When used in the right way, psychometric assessments provide us with an accurate, objective, valid and standardised way to assess the abilities of our candidates. For those with disabilities and learning difficulties, psychometric assessments can be less accessible and we therefore must make ‘reasonable adjustments’ to the assessment process to ensure that no candidate is disadvantaged. This is in accordance with the Equality Act 2010 which makes it illegal to discriminate against people with disabilities and means organisations must allow people with disabilities the same opportunities as non-disabled people.
When making psychometrics accessible for those with disabilities and learning difficulties, we must bear in mind that the standardisation of the assessment process plays a crucial role in maintaining objectivity. Therefore any changes to the test and the administration must be carefully considered so to maintain the psychometric properties published in the manual. If standardisation is overly compromised, then it will not be possible to interpret the results objectively, and mean comparisons with other candidates are no longer valid. Any decisions made based on these comparisons will then be questionable.
Adjustments to the assessment and the assessment’s administration therefore need to be reasonable by not drastically changing the test or its administration, while also meeting the needs of the candidate in an appropriate manner.
Fortunately, many adaptations to assessments for those with disabilities or learning difficulties are possible and often quite simple.
Examples of reasonable adjustments:
- Increasing the time limit by 25%
- Administering in large print format
- Using a standing desk
- Administering via screen reader software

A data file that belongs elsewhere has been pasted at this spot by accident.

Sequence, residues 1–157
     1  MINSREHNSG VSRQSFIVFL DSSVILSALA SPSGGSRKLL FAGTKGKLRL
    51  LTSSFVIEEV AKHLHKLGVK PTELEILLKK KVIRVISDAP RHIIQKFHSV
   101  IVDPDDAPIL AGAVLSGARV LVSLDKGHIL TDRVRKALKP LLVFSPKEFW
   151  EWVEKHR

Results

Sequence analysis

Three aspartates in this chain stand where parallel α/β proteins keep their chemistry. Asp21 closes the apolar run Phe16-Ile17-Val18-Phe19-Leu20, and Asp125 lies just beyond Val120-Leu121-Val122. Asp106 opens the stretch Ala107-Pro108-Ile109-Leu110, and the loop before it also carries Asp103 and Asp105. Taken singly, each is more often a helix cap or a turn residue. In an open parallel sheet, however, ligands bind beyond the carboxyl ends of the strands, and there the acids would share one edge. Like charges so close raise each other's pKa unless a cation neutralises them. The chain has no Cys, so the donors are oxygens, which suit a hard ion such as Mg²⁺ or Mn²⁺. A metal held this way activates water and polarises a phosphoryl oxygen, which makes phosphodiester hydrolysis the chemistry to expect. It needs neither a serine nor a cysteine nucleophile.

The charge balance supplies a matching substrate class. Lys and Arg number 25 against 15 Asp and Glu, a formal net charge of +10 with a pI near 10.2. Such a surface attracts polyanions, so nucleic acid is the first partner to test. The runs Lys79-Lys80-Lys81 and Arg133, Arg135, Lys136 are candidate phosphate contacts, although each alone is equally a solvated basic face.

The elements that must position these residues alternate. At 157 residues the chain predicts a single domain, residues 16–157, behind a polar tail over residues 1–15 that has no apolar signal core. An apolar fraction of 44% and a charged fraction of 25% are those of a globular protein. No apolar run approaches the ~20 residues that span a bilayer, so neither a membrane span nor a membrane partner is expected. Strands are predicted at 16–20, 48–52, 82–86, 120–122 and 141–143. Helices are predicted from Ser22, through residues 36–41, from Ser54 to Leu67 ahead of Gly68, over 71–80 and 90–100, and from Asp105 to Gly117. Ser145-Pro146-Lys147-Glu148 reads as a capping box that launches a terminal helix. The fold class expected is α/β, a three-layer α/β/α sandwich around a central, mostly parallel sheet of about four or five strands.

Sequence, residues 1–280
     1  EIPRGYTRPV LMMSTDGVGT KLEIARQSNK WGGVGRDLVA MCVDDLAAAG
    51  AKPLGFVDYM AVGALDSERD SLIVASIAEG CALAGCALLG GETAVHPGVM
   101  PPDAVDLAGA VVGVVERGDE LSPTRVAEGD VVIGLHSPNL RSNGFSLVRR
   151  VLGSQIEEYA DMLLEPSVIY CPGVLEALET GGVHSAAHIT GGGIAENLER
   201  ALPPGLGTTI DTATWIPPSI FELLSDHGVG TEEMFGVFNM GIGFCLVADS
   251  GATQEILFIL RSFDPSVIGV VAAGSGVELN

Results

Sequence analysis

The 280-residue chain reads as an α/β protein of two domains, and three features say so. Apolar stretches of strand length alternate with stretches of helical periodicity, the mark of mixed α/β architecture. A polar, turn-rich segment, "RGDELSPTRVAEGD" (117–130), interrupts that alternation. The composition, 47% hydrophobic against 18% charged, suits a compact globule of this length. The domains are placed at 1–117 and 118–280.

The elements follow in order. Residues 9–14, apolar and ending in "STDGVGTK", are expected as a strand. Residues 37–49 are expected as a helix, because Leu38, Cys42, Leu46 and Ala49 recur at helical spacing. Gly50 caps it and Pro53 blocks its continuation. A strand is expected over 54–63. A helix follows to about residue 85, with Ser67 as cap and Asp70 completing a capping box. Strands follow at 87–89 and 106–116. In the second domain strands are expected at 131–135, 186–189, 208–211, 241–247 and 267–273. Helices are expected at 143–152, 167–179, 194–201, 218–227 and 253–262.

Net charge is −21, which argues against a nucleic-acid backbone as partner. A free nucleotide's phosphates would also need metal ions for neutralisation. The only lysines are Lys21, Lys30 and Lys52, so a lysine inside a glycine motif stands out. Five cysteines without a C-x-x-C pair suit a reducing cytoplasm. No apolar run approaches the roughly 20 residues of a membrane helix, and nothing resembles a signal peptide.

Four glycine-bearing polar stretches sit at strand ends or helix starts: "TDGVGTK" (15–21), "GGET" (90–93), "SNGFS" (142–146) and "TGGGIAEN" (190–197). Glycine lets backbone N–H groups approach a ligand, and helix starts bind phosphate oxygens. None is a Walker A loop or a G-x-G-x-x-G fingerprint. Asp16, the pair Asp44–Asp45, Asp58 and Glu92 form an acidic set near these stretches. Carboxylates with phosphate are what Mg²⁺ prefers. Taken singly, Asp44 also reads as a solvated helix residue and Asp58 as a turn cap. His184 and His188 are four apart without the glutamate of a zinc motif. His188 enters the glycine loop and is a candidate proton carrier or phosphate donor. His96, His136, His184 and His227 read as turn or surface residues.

Steps to making reasonable adjustments
1. Before deciding to use a psychometric assessment, find out from the test publisher what adjustments are able to be made. E.g. Is extra time able to be added to the assessment? Are there formats for visually impaired individuals available?
2. Always ask candidates whether they have special requirements in advance. It is important to find out whether your candidates have special requirements (i.e. disabilities and learning difficulties), that would impact their ability to complete the assessment in advance. It is best to ask this question is early as possible and a common way is to include it in your initial communication, e.g. “If you have any special requirements for completing the assessment that we should be aware of, we would be grateful if you could contact us in advance at email@example.com". If a candidate tells you last minute or when they have already arrived at the test session, it is best to reschedule the session to have sufficient time to make the most appropriate adjustments.
3. Once a candidate has made you aware they require special requirements, do the following:
- Consult with the candidate what adjustments they need to complete the test. Remember, the candidate is the expert in what they require and so they are the most important person to consult prior to making adjustments. Ask the candidate, “How does your disability affect you?”, “Have you completed assessments similar to this in the past? If so, what adjustments, (if any) were made previously?” A good way for the person to establish what they require is through completing a practice test.
- Ask the candidate if they have a diagnostic assessment report. Some candidates with diagnosed learning difficulties, (e.g. dyslexia) will have a diagnostic assessment report. It’s always advised to ask whether you are able to see this as it will often advise on the required adjustments to make to assessments/examinations. E.g. “Do you have a copy of your diagnostic assessment report you could send me?"
- Consult with the test publisher and ask for their recommendations. Speak to the test publisher to ask what they would advise, (they are likely to have made similar adjustments previously). They will also be able to provide you with the guidance, materials and support on how to make the adjustments.
4. If reasonable adjustments are not possible, you may need to omit the assessment from the process. Sometimes reasonable adjustments are not possible, either because the adjustment would compromise the standardisation and validity of the assessment, or because the adjustment is not feasible, I.e. an adaptive test produced in braille. In these circumstances, the assessment may need to be omitted from the recruitment/ development process.
5. Finally, the process you follow for making reasonable adjustments is important for the candidate’s experience and their perception of fairness throughout the selection process.